Longyearbyen is the largest settlement in the Svalbard archipelago, Norway and its capital. The archipelago, formed several million years ago, has a unique environment with high, snowcovered mountains – 60% covered by glaciers – spectacular rock formations and low growing colourful flora. There are great many different species of animal life. Seals, walrus, polarbear and whales have their habitat all along the coast.
Longyearbyen is the seat of local government and Norway’s main administrative centre on Svalbard. The small colourful community of approx. 1800 inhabitants has developed from being a typical mining community into a community with a number of businesses and industries and a wide range of cultural activities and opportunities. In general, the population of Longyearbyen is rather young, with many small children.
Leisure and cultural activities abound. Since there are no roads between the settlement areas on Svalbard, snowmobiles and boats are a common means of ttransportation. Locals are very fond of outdoor activities, as well as taking weekend trips to cabins and huts.
There are plenty of sports and cultural events in Longyearbyen. A new sports hall with a swimming pool is a popular focal point for many of the sports activities. Lectures and talks on various topics are regularly organised, often at the university. Many famous musicians and artists visit Svalbard during the year and there are many exhibitions, concerts and other special events, particularly during the weekends.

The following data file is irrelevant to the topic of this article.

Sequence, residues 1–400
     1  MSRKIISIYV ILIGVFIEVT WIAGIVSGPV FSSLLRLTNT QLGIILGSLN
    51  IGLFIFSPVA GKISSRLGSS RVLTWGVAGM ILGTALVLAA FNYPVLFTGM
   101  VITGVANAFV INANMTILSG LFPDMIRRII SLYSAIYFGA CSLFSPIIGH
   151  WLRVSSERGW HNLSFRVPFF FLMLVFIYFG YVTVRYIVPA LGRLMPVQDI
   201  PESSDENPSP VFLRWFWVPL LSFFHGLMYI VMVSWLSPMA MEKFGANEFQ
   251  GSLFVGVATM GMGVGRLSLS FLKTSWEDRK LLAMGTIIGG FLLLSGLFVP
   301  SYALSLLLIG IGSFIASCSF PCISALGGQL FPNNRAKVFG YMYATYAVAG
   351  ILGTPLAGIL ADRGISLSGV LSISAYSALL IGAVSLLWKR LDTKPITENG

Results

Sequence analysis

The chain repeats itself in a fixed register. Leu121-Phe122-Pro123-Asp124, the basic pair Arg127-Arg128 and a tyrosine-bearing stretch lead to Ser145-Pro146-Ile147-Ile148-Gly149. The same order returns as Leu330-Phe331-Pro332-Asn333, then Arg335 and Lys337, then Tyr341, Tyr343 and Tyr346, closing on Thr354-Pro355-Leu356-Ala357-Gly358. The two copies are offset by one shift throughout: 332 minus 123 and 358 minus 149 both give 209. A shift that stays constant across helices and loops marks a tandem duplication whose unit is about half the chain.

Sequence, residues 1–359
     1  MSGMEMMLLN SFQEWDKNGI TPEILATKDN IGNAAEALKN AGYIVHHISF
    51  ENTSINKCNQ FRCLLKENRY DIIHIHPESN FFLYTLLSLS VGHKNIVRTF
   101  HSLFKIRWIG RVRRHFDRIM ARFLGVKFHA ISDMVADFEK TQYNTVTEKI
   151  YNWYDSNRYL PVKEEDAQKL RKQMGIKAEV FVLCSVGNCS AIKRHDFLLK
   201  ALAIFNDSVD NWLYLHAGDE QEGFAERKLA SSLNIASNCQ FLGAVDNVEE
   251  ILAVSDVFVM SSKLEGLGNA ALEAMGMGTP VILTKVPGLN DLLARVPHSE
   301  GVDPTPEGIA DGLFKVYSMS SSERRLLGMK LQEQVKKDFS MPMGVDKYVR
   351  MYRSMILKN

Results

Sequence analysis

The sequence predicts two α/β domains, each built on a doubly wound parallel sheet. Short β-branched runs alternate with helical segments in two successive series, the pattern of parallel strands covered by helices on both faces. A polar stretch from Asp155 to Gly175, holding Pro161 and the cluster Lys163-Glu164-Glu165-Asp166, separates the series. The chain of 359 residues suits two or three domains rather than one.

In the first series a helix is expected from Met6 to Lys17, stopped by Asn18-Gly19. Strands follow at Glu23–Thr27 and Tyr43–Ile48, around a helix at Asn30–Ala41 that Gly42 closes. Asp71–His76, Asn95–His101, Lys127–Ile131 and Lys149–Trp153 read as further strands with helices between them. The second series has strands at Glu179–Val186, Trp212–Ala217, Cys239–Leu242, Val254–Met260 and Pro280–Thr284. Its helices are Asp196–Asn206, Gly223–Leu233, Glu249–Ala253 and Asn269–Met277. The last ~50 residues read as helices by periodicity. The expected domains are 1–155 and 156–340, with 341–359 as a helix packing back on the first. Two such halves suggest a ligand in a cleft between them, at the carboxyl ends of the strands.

Things to See & Do
* Svalbard Gallery
* Svalbard Museum
* hiking, dog-sledding, kayaking and snowmobile safaris
* Funicular Centre
Cruise Season – May – Oct
Currency – Norwegian Krone (NOK)
Language – Norwegian
Land Area – Norway 324,220 sq km
Population – 1800
Electricity – 2 pin Round pins European style
Time – GMT plus two hours (Oslo)
International Country Telephone Code – +47
Port Location – The Longyearbyen port is located approximately 1km from central Longyearbyen.
Transport Links – Longyearbyen Svalbard Airport (LYR) is the largest airport in Svalbard. It fields a daily SAS flight to Tromsø all year around, and there are additional flights as well as twice-weekly services direct to Oslo in the summer high season. Chartered planes occasionally connect elsewhere in the islands as well, including bases up north for starting your trek to the North Pole.
The airport has a cafeteria/gift/tax-free shop but no other services. Shuttle buses timed to flight departures and arrivals connect the airport to all hotels and guesthouses for a flat 40 kr per person.
Longyearbyen’s port is accessible only in the summer when the pack ice recedes. There are once-weekly boats to Tromso and regular (near-daily) cruises visit Barentsburg in the summer.
There is no public transportation aside from the airport shuttle bus. Walking is a viable option, although rather tedious if you need to move around outside the center. Alternatively, you can try your luck hitchhiking, or rent a bike from Basecamp Spitsbergen. Taxi and car rental are also available.